Account takeover fraud, which occurs when a criminal gainsunauthorized access to an account via identity theft, is growing byleap and bounds.


It's a type of identity theft where a fraudster uses parts ofthe victim's identity, such as an email address, to gain access tofinancial accounts. The perpetrator often reroutes communicationabout the account, keeping the victim in the dark so the thieverycan continue longer. Affected accounts can include credit cards,checking and savings accounts, brokerage accounts and store loyaltyrewards accounts.


At least partially explaining its growth, the adoption of EMV isleading to account takeover fraud growing even faster than paymentcard fraud. In addition, greater access to credit, an abundance ofinformation, faster electronic communications and intensecompetition among financial institutions make it easier than everfor criminals to steal identities and falsify information.


Much like a virus reacts to a vaccine, hackers develop new waysto penetrate security systems as the old methods becomeineffective. For credit unions, then, constant vigilance andintelligent surveillance are key to preventing and detectingaccount takeover fraud.



Reviewing and Evaluating Internal Controls


Fighting this type of fraud begins with a thorough review andevaluation of a credit union's own internal controls. A sampling –but not an exhaustive list – of important steps in maintainingtop-notch internal controls are:

  • Conduct periodic surprise audits and annual reviews ofprocedures.

  • Provide for the physical security of all checks, includingcashier checks, branch checks and deposited checks.

  • Provide for the temporary physical security of electronicallydeposited checks, including storage in a secure facility along withsecured shredding.

  • Ensure appropriate security is in place over signature plates,cards and software.

  • Require an additional review process for all checks over aspecified amount.

  • Remove individuals from financial institution transactionauthority immediately upon resignation or termination.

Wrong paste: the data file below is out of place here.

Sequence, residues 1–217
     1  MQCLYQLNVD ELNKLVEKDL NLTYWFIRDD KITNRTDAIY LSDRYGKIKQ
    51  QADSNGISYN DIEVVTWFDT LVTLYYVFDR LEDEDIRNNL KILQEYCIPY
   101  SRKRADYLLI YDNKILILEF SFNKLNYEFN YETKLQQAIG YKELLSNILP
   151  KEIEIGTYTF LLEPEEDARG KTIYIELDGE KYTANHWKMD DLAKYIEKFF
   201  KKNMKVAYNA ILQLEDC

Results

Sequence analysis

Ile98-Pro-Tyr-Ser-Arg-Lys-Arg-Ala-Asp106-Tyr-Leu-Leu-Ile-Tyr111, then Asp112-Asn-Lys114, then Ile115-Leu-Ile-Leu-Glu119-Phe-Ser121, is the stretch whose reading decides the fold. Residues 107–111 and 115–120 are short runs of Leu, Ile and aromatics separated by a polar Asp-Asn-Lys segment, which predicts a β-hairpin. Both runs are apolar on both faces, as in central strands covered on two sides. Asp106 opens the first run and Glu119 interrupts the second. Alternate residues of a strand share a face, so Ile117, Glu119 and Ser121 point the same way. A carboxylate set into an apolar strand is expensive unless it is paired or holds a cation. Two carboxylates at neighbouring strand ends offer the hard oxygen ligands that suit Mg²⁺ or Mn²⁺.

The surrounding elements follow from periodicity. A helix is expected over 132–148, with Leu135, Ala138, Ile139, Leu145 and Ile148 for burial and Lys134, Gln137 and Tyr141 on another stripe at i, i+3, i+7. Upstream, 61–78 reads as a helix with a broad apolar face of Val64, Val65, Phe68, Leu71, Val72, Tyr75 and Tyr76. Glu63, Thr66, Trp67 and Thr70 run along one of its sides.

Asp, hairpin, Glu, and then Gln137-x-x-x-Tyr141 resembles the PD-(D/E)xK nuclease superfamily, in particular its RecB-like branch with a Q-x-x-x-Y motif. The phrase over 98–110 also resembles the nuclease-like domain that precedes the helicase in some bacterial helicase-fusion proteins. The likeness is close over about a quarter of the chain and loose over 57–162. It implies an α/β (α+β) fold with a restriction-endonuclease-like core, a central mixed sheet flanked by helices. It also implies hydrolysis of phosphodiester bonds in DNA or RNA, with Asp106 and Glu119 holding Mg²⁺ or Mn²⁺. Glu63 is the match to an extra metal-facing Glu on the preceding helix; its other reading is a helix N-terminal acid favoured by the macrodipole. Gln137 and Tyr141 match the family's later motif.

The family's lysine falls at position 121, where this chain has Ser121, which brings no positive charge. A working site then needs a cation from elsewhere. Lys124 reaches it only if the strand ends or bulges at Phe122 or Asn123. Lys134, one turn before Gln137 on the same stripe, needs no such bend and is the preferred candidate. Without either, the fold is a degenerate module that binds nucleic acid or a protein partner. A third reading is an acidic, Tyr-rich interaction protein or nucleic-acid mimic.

• Ensure that controls exist for the storage and destruction ofall documents that contain account and other relatedinformation.

  • Determine that appropriate controls are present if employeesaccess financial and banking systems from remote sites.

  • On an annual basis, request a legal review of all changes inlaws regarding liability as it relates to fraudulent transactions.

Best Practices for Preventing Fraud Losses


Some best practices for fighting account takeover and otherforms of fraud include:

  1. Strengthening verification procedures for newaccounts. This should include incorporating moreinformation into the decision process, especially for high-dollarunsecured transactions; breaking away from conventional thinking(traditional credit scoring and underwriting procedures do notidentify fraudulent applications); digging deeper to verifyidentify beyond using Social Security numbers or other singlepieces of data; and looking for and assessing the fraud potentialof inconsistency among all data available, not just in address andcredit bureau information (Does the phone number go with theaddress? Do the age and Social Security number match?)

  2. Strengthening verification procedures for existingaccounts in online or call center transactions. Positiveverification calls for comparing information provided by theconsumer with a trusted third-party source, such as a consumerreporting agency.

  3. Using credit report data to verify name, address, phonenumber, Social Security number, date of birth and driver's licensenumber. This includes both logical verification (usingcommercially available analysis tools to determine the consistencyof information from various sources) and negative verification(checking information provided by the consumer against databases ofknown fraud, bad checks and government lists).

  4. Strengthening the notification process to the consumerfor changes made to the consumers' existing accounts. Anychanges made to a member's account need to be verified with themember. This can be accomplished by sending a confirmation email tothe original email provided by the consumer, a follow-up letter tothe original address of the consumer and a phone call to theoriginal phone number on file.

  5. Establish limits on withdrawal frequency.Limits should also be established on amounts to minimize a member'sexposure to skimming and card theft.

Fighting fraud requires a true partnership between creditunions, core processors and payment services providers. Byfollowing the steps above, you have key safeguards that will helpprotect your credit union and your members in this atmosphere ofenhanced technology – and criminality.


Join us at Credit Union Times' Fraud:Don't Let It Happen To Your Credit Union Conference, where youwill find the latest tools and techniques for preventing fraud anddata breaches; strategies for responding in the immediate aftermathand best practices for restoring reputation, financial stabilityand information security. This two-day conference is designed forcredit union executives, boards of directors and those responsiblefor your credit union's cybersecuritypolicy. Registerto attend and save $150.


cybersecurity fraud preventions tipsCarolineWillard is EVP, markets and strategy for CO-OP Financial Services.She can be reached at 800-782-9042, Ext. 5934or [email protected].

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